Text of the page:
The body's response to stress can have a negative impact on skin barrier function and influence the immune response [18]. Chronic stress can also lead to increased vulnerability to infection, and therefore to a worsening of skin lesions. Furthermore, it has recently been shown that the intestinal and cutaneous microbiome are factors that modulate interactions between the skin and the brain [19].


New concept, new bioactive ingredient


Based on this observation, as well as its recent research into the effects and mechanisms of natural marine active components on skin beauty and stress, Abyss Ingredients is launching a new concept: dermoceutics. Halfway between dermocosmetics and nutraceuticals, this new range of active ingredients aims to improve the comfort and appearance of skin with dermatological problems, as well as the quality of life of those suffering from them.

Dermatidyss®, the first product to emerge from this concept, is a natural marine ingredient which combines anti-stress and collagen peptides and glycosaminoglycans (GAGs) such as chondroitin, glucosamine and hyaluronic acid.


Unique Composition


Several studies have demonstrated the effects of these components not only on stress, but also on skin hydration and faster healing.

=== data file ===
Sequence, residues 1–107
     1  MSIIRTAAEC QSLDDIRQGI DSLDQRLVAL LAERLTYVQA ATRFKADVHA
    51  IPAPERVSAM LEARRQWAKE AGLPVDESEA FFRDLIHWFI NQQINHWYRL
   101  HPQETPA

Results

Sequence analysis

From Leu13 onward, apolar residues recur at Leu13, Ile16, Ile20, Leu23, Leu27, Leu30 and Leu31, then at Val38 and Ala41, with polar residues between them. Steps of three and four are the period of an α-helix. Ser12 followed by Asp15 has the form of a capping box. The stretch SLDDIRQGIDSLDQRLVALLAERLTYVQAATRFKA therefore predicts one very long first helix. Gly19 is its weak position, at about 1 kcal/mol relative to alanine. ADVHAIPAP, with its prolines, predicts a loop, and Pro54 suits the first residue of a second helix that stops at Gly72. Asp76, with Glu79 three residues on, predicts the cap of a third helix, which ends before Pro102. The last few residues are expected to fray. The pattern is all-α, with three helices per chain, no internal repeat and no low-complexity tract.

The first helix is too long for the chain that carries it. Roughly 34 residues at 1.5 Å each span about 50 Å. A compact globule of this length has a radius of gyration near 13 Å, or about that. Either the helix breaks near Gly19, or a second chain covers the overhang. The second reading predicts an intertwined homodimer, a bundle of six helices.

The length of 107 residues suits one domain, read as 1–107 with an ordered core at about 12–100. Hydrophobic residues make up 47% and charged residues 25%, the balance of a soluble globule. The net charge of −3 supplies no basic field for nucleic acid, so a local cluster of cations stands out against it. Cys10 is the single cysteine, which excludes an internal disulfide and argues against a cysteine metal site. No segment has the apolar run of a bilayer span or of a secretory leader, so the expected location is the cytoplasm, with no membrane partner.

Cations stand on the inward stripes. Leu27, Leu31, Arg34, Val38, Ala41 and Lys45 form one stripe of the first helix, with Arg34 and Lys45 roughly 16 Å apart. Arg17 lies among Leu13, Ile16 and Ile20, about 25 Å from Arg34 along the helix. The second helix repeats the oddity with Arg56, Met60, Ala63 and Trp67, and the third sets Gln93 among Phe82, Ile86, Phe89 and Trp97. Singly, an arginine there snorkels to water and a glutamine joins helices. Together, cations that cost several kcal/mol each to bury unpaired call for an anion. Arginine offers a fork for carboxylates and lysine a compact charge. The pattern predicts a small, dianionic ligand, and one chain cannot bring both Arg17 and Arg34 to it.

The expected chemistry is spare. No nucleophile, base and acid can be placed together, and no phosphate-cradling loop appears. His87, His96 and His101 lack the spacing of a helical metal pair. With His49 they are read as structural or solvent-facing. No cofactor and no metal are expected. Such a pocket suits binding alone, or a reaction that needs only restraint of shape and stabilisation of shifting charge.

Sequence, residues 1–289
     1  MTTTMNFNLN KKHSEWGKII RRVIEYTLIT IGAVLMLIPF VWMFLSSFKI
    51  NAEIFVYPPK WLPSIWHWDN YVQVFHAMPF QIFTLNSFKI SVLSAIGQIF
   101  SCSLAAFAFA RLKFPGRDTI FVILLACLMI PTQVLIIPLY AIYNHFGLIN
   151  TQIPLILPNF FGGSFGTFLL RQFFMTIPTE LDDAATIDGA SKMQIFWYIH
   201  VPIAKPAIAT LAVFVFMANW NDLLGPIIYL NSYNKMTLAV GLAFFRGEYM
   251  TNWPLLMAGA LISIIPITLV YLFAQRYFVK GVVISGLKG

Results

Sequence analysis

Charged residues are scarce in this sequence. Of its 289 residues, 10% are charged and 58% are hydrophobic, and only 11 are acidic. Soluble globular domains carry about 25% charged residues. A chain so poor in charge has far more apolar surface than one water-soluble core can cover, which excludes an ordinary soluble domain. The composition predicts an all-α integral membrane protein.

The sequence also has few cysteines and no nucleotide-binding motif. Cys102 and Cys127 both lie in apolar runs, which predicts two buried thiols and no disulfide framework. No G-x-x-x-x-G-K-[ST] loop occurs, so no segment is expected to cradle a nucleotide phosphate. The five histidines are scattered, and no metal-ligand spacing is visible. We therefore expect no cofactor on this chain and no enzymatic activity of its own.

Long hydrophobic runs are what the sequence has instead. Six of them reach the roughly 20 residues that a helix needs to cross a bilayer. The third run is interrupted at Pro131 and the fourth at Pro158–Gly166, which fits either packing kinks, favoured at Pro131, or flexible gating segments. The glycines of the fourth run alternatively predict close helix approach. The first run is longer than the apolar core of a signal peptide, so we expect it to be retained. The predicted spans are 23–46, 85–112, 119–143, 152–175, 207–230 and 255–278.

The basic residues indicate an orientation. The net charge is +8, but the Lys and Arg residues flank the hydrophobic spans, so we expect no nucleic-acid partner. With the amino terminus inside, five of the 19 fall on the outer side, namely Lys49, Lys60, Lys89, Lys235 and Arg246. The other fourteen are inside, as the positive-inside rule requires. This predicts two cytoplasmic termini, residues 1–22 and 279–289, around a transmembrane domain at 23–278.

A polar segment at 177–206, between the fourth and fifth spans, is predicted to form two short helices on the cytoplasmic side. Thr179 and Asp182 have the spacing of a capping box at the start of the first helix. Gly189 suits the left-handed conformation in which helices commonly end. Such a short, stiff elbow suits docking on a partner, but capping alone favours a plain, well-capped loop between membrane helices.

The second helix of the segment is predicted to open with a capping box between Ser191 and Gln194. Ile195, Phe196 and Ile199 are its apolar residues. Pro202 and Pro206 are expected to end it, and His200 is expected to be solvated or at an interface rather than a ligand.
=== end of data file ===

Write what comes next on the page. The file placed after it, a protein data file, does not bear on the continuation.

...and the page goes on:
By modulating the expression of genes involved in the stress response and preventing the deregulation of stress-induced proteins, marine peptides prevent the negative effects of stress, including on our skin [20-21].


Collagen peptides and GAGs have demonstrated their benefits on skin. By stimulating the synthesis of hyaluronic acid [22], a key player in tissue hydration [23-24], These compounds help to maintain deep skin hydration, which could make them an effective ally against the dryness of atopic skin. They also accelerate tissue repair by stimulating the production of TGF-β, an anti-inflammatory cytokine that plays a signal role in inhibiting the enzymes responsible for degradation of the collagen matrix (metalloproteinases) and proliferation of skin cells [25].

An active ingredient combining these components would be a natural solution for improving skin comfort and reducing stress in people with sensitive and/or atopy-prone skin.


Benefits on both skin and life discomforts


A consumer study has evaluated the benefits of Dermatidyss® on the discomforts of skin and life associated with atopy-prone skin and confirms this hypothesis. This test, carried out under dermatological medical advice, showed that Dermatidyss® could reduce the intensity of atopic skin symptoms and reduce drug dependency.

When asked about their expectations, the women who took part in the study wanted to improve their dry skin first and foremost (76%), which is the most frequent symptom; 66% of them wanted to improve the comfort and beauty of their skin, and 64% wanted to make their skin softer. 86% of participants would opt for an effective dietary supplement that has been tested by consumers (34%) or that has been the subject of clinical studies (30%).